Cosmetics and personal care products can contain harmful endocrine disrupting chemicals (EDCs) and other substances of concern, but their labels can be hard to read. The infographic launched by the Health and Environment Alliance (HEAL) and Tegengif/Erase All Toxins today uncovers the story behind chemicals in cosmetics.
November 2017 –The yearly UN Climate Change Conference took place in Bonn, Germany from 6 to 17 November this year. HEAL sent a 16 head strong delegation to Bonn to emphasise that measures to bring down CO2 emissions will not only improve the climate but will also bring huge health benefits.
HEAL’s delegation, accompanied by Dr Maria Neira from the WHO. From left to right: Anne Stauffer, Dr Maria Neira, Vijoleta Gordeljevic, Dr. Kayihan Pala, Eva Takaria, Florian Drueke, Marlena Kropidlowske, Oleksandr Kuzura, Funda Gacal, Dr Winfried Zacher, Dr. Gamze Varol Saracoglu, Dr Dieter Lehmkuhl, Génon K. Jensen, Elke Zander, Nienke Broekstra
HEAL Executive Director Genon K. Jensen wrote in an article in the run up to COP23: Climate change is more than an environmental challenge – it is a major threat that affects health, wellbeing and human rights, and disproportionately impacts those most vulnerable, such as children, and the poor. In turn, this means climate action presents incredible opportunities for our health: decarbonising our societies and way of life – be it in transport, buildings, energy or food systems – is entirely possible and will make this world a healthier, increasingly prosperous and more sustainable place. Read the full article here.
The weekend before the official start of the COP23, on Saturday 4 November, HEAL, together with German medical students, joined a climate march organised by a big alliance of environmental NGOs in Bonn. The march was the biggest gathering in Germany to demand the phase out of coal ever. Prior to the march, HEAL co-launched the Beyond-Coal campaign, which calls for an end to coal power generation in Europe by 2030.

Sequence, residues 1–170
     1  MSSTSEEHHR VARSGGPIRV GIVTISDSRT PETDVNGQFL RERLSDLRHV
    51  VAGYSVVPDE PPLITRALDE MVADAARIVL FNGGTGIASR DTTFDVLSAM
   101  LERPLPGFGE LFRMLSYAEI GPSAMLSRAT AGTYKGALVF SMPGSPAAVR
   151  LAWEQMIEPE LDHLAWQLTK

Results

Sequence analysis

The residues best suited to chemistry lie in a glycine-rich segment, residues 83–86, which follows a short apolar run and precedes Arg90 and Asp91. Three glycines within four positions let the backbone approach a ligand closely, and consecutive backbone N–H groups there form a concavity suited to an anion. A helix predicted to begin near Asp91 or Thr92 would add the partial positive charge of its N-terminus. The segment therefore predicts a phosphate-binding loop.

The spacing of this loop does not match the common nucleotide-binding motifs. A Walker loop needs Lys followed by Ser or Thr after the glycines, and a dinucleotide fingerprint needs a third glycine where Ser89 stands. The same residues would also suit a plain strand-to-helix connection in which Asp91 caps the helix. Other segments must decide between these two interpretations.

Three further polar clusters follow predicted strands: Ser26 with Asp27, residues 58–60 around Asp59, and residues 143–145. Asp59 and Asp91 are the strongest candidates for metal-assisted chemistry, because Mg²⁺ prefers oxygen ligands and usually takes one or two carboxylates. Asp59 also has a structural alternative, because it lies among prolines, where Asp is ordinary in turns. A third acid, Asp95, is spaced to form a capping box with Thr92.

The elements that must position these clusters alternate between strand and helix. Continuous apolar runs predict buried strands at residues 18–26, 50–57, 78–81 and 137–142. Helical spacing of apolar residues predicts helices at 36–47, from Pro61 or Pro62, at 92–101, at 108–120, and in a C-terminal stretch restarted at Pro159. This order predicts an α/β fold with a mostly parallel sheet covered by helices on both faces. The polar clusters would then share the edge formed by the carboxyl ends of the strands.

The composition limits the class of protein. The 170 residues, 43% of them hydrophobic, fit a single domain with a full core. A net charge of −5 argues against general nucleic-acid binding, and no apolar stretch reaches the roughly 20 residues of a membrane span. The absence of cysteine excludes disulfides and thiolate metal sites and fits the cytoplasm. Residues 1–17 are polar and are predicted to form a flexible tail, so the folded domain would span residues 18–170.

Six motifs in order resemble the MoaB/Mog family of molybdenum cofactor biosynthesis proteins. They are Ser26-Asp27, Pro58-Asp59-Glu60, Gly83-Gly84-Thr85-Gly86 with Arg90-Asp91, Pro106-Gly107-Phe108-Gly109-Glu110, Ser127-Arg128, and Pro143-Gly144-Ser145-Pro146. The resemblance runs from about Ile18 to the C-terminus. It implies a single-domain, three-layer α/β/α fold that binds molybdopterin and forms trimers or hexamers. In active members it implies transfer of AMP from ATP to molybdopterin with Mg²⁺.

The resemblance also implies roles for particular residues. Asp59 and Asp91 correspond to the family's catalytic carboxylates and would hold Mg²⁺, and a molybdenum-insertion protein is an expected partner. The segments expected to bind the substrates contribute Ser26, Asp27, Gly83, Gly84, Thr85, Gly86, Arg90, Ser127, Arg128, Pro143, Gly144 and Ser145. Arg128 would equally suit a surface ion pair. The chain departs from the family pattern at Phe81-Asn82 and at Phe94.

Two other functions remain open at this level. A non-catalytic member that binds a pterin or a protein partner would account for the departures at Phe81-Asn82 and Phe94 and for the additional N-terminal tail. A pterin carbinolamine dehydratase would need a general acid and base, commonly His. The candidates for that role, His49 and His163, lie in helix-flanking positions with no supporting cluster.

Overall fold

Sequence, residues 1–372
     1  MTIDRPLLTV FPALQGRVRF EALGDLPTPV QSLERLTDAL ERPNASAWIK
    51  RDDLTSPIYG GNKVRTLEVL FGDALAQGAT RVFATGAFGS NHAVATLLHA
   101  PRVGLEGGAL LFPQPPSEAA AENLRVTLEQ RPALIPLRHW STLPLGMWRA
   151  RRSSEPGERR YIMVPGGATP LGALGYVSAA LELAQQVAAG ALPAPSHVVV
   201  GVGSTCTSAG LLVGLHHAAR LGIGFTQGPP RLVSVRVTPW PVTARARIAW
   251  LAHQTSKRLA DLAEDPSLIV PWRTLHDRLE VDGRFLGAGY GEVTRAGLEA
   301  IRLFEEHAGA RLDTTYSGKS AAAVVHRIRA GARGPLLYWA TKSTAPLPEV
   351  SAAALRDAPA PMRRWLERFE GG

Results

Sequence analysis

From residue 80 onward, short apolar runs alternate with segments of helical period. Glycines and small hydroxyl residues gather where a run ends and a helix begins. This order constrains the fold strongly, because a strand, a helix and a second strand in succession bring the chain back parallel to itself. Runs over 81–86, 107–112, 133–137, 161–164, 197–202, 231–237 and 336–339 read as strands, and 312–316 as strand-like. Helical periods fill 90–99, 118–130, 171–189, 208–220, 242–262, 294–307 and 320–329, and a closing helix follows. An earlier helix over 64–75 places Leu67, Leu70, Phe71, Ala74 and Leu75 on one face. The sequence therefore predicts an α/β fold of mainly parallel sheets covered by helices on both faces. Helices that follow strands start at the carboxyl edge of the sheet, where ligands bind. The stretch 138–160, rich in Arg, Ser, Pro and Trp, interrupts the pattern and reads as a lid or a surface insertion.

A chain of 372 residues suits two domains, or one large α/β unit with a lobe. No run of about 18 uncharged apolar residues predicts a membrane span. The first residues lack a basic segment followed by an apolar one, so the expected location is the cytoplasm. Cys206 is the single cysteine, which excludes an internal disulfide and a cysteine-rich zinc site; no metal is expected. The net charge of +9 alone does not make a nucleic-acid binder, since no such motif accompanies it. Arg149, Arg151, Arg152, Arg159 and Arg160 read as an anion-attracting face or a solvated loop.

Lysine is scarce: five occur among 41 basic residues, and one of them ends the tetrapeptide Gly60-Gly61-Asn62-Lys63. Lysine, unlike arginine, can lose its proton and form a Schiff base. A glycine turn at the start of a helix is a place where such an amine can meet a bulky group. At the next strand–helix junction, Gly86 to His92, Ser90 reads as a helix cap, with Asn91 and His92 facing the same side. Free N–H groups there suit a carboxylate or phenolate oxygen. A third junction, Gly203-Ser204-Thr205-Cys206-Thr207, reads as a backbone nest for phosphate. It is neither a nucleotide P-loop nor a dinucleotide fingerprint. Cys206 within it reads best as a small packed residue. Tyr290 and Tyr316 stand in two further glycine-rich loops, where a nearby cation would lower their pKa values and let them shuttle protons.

Anne Stauffer joining the climate march in Bonn on 4 November
On Friday 10 November the Lancet Countdown presented their most recent report, entitled The Lancet Countdown on health and climate change: from 25 years of inaction to a global transformation for public health, with three key conclusions: 1) climate change is unequivocal and potentially irreversible, 2) delayed response to climate change has jeopardised human life, and 3) there has been an accelerated response to climate change and there are opportunities for public health.
On Saturday 11 November the Global Climate and Health Summit took place, organised by the Global Climate and Health Alliance, the WHO and HEAL. Health actors from all over the world were brought together to discuss not only the importance of highlighting health in the climate debate but more importantly, to exchange and highlight ways to work more effectively together and learn from each other, as health professionals all over the globe are engaged in many ways to tackle climate change and boost health.
Amongst the speakers was Dr Maria Neira, WHO director of the department of public health and environment department, who emphasised that 23% of global deaths are related to the environment and that especially air pollution is a global health crisis that needs to be addressed. Nick Watts, executive director of the Lancet Countdown, mentioned that although climate change is potentially irreversible, there is reason to be optimistic since the global response to it has increased. After inspiring speeches and a panel in the morning, the World Café afternoon session of the Summit, organised by HEAL, highlighted the deep and diverse expertise of the GCHA member organisations.
The meeting also saw many health professionals and medical students from Germany participate, and provided food for thought on how to advance climate and health considerations in Germany, especially with the new government. Members of the alliance of critical health professionals in Germany (Kritische Medizinner*innen Deutschland) have recently adopted a position paper on climate change and health.
Jeni Miller, executive director of the Global Climate and Health Alliance, moderating the event
On the same day, a panel discussion organised by HEAL took place in the Turkish Country Pavilion at the COP23 venue. For the first time at a COP gathering, the health impacts of energy policies in Turkey were discussed. HEAL’s Funda Gacal and Vijoleta Gjordelevic spoke together with Prof Dr Kayihan Pala, Assoc.Prof. Dr Gamze Varol Saracoglu and Arif Cem Gündogan from Ecology Collective, highlighting the health harm that especially coal is causing in Turkey and presenting findings from the recently launched Turkish version of HEAL’s report “Hidden Price Tags- How ending fossil fuel subsidies would benefit our health”. The participation of the HEAL Turkish delegation members was made possible in cooperation with the Heinrich Böll Stiftung e.V.